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Linux444866yMastodon is quite nice, would be great with support for it
Ulric7386yThere's also Retroshare
You wanna store all that unstructured, user-generated content in a blockchain? Yeah, no. Your nodes are gonna run out of space in seconds, and/or you'll have absolutely horrific syncing problems and delays, and your network will be a total clusterfuck.
Sorry, this is not the tech you're looking for.
@endor I'm not going for a Facebook style, millions of users posting gifs type thing. Almost Twitter-like, but just text.
140 char a piece, 1.4m per 10,000 messages. Not too bad. Compression could help, forking to a private blockchain, while less available is even more private and takes the strain off the main one.
It's not a perfect solution but I think it's reasonable. I've seen much worse blockchain projects, many who have no business using blockchains. I think this makes some sense.
@deadPix3l you have to also consider block hashes, timestamps, usernames/userids, plus all the user's data (emails, passwords, *avatars*, name and stuff) has to be stored somewhere.
And don't forget: you need to encrypt all your content if you want to make it private. Currently, only Monero does that, and it generates at least 12kb of data for each transaction due to signatures.
Twitter generates tons of content too, and if you split it up too much you'll have a horrible time syncing it up among users.
A constant 1 Mbps of new content means adding 1GB of new data every ~2.25h. Give it a week or two, and most of your potential userbase won't have enough storage to allocate. New users will take days to sync up before being able to use the platform. And if your nodes aren't fast enough, most of your users will be effectively DoS'd by sync lag.
@deadPix3l if you're thinking of sharding, things get real messy real fast. Even the big cryptos are still struggling to come up with a good implementation, and yet the amount of data they generate is still smaller than my previous example.
Besides, using a blockchain to store content would imply storing every new and old revision made to it: think 'git commit' every time someone makes a correction to a post, or changes his email, or his avatar, or whatever.
Eventually your blockchain would be bogged down with tons of old data that you can't get rid of (unless you figure out how to safely implement pruning - good luck with that).
Tl;dr: it's a bad idea (TM)
You do not want a blockchain for the application you described
Better idea: why don't you make it an i2p/zeronet-based service? Every user hosts only his personal content on his personal machine, and when you want to access someone's data you just request it directly from them.
Every active user also acts as a small caching node for any content that is passing through his machine (without having any access to the contents though).
Adding a friend = exchanging public keys for e2e communication.
Adding a page (fb style) = adding its x509 certificate (or gpg key) to your known list (so all posts can be cryptograpically signed, to avoid spoofing/mitm). Gpg keys is probably better, in case you want to comment on the page or chat with the owner.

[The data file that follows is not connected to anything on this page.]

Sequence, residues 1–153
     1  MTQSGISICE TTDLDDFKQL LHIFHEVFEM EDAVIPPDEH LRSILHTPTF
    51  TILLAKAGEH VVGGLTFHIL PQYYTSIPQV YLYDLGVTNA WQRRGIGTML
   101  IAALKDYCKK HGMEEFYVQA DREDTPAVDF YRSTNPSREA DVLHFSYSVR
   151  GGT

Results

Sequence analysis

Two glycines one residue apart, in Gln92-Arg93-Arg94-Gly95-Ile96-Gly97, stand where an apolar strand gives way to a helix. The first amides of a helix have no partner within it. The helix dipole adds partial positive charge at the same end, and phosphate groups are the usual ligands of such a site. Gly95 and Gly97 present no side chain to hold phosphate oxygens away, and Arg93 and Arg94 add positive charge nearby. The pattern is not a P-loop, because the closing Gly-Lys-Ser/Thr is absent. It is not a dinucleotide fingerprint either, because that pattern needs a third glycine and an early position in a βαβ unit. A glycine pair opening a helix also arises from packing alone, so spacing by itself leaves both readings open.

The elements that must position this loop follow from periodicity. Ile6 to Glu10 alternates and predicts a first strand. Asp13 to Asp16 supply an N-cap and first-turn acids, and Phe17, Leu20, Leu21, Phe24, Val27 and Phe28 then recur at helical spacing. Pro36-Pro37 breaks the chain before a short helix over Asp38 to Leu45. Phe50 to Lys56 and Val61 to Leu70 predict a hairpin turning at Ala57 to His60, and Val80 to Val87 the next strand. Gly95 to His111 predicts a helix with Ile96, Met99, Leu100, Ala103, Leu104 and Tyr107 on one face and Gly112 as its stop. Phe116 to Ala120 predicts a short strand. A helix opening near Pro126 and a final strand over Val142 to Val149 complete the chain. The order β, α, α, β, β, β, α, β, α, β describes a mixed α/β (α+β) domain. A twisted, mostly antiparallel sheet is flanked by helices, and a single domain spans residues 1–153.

Groups = multisig posts.
The only issue I see would be ensuring that every user's content can be obtained even after he logs off/shuts down his pc, which means you'd have to ensure that every bit of content has to be at least cached on at least one node in the network at any given moment
@deadPix3l the thing is, if you want to create social media, you can't just "not go for Facebook". First of all, you will be a competition if you succeed in any way. Second of all, if you su ceed, you will get users really quicky, we are talking millions weekly. Do you think you could scale it that fast? Remember, any kind of social media is all about networks between people
@deadPix3l you're welcome, tearing ideas apart and trying to find any issues/critical points is kind of my thing, so I enjoy it.
Seriously though, an i2p/zeronet-based service might actually work though. Maybe you could have something like a two-tiered network, where pools of users are connected through centralised servers which store an encrypted local copy of the user's data, thus solving the availability problem without compromising on censorship resistance and security.
The servers would just act as a backbone to relay the data around, but they would have no control over the content (thanks to encryption) nor its origin (thanks to i2p's anonimity).
This way, the only 'bad' thing they could do is not relaying all the data entirely: you would not be able to censor individual content/users without taking down the entire network with them
I am new to block chains and development in general, but I am unable to grasp what benefit would hosting a social network on blockchain would accomplish ( that maybe isn't possible with Facebook for example )
@confusedGuy-sh it would be completely decentralized, meaning no one company could dictate what you can and can't post, or what info is required (email, phone number). The community gets to decide the rules. And subcommunities with differing rules could pop up and branch the block chain. It means everything would be available to everyone always, but only readable by those with the key, and nobody controls it what so ever. (Ignoring the 51% problem)
@deadPix3l yeah, but that also creates a few problems. If you can't control the data flow, what will you do about illegal activities? You know that you would still be responsible for them as a company? Also, it would be much harder for average user to get into the network. Look at Mastodon, it's not really doing too good outside of tech community